Web Exclusives: Alumni Spotlight

July 19, 2006:



Robert B. Gibby ’36Robert B. Gibby ’36 helped create and distribute a fifth-grade curriculum unit on George Washington.

William SommerfieldWashington impersonator William Sommerfield, an honorary member of the Class of 1936, leads the Old Guard at the P-rade last month. (Beverly Schaefer (left); Kevin Birch)

Teaching George Washington
Robert Budd Gibby ’36 helps educate youth

Robert B. Gibby ’36 and George Washington have some things in common. They both lay claim to the title of “president” — Washington of the country, and Gibby of the Class of 1936. They share agricultural leanings — Washington was a farmer, and Gibby has carried on Washington’s tradition at Princeton. He spearheaded the establishment of the Washington Memorial Garden behind Maclean House in 1999, complete with plants descended from those growing at Mount Vernon.

And both men have created lasting legacies. To ensure that all public school students in the United States learn about their first president, Gibby, working with the Mount Vernon Ladies’ Association, created in 1989 a fifth-grade curriculum unit featuring a 30-minute video, The Life of George Washington, narrated by Bill Bradley ’65. Every elementary school with a fifth grade throughout the nation is now provided with the video, courtesy of Mount Vernon.

Gibby’s fascination with the founding father began in 1949, Gibby says, when he started collecting historic prints of Washington. Over the years, his hobby grew to include more than 200 prints, paintings, and etchings. Gibby regularly lectured on the prints and the person they portray. He donated his collection to Mount Vernon in 1984.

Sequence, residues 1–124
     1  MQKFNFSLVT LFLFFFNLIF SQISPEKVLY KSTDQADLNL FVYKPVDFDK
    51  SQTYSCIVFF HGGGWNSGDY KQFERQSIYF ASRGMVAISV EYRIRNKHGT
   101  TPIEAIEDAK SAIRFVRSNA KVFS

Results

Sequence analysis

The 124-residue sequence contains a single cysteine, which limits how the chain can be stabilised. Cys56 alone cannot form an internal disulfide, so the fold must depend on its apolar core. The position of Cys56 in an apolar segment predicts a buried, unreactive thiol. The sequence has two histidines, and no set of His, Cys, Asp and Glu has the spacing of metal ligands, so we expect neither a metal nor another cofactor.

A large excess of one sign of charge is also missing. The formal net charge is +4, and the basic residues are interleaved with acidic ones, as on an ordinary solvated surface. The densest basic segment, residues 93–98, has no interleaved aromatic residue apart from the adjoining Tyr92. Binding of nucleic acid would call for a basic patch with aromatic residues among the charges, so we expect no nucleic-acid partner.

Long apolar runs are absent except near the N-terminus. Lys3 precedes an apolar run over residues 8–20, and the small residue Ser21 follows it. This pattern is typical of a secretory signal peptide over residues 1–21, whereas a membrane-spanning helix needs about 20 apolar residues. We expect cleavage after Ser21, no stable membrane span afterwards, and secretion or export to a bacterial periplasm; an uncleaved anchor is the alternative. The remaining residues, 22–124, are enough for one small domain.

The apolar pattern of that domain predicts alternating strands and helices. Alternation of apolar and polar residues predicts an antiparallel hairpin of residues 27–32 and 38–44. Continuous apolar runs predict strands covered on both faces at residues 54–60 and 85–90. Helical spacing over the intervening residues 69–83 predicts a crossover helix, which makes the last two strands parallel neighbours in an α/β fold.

Around that time, Gibby became aware of the lack of in-depth information on Washington’s life in elementary school textbooks. So he joined forces with Mount Vernon to develop the fifth-grade curriculum. He organized fundraising efforts to support the making of the video and its distribution to every state. While teachers are not obligated to use the video, most do. Princeton alumni contributed to the effort to fund the project, he says, with the Class of 1936 footing the bill for Washington State. “It’s important that the youth know about the honesty, integrity, and moral character exemplified by George Washington,” says Gibby, who owned an office furniture business based in New York City and today lives in Hightstown, N.J.

Gibby’s passion for Washington seems to have permeated the Class of 1936. The class donated the Washington Memorial Garden to the University, and William Sommerfield, of Philadelphia, who is known as the historical interpreter of George Washington, is an honorary member of the class. Sommerfield led the Old Guard at the P-rade this year.

It’s not just the youth that Gibby seeks to educate, however. He wants his fellow alumni to realize Washington’s connection with Old Nassau. In 1777 Gen. Washington drove the British from Nassau Hall, and in 1783 he met with the Continental Congress in Nassau Hall and attended Commencement.

“Washington had a greater relationship with Princeton than with any other university in the United States,” says Gibby.

By Hilary Parker ’01

Hilary Parker ’01 is a freelance writer in Princeton.